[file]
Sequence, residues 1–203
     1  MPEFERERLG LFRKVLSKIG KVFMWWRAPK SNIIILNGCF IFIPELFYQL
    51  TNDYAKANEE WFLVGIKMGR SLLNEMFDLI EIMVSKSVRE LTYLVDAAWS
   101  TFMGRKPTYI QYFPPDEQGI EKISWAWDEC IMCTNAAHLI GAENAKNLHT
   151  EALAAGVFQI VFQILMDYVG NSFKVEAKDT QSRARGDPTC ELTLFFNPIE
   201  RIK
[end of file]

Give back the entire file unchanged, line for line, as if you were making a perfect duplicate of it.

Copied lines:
Sequence, residues 1–203
     1  MPEFERERLG LFRKVLSKIG KVFMWWRAPK SNIIILNGCF IFIPELFYQL
    51  TNDYAKANEE WFLVGIKMGR SLLNEMFDLI EIMVSKSVRE LTYLVDAAWS
   101  TFMGRKPTYI QYFPPDEQGI EKISWAWDEC IMCTNAAHLI GAENAKNLHT
   151  EALAAGVFQI VFQILMDYVG NSFKVEAKDT QSRARGDPTC ELTLFFNPIE
   201  RIK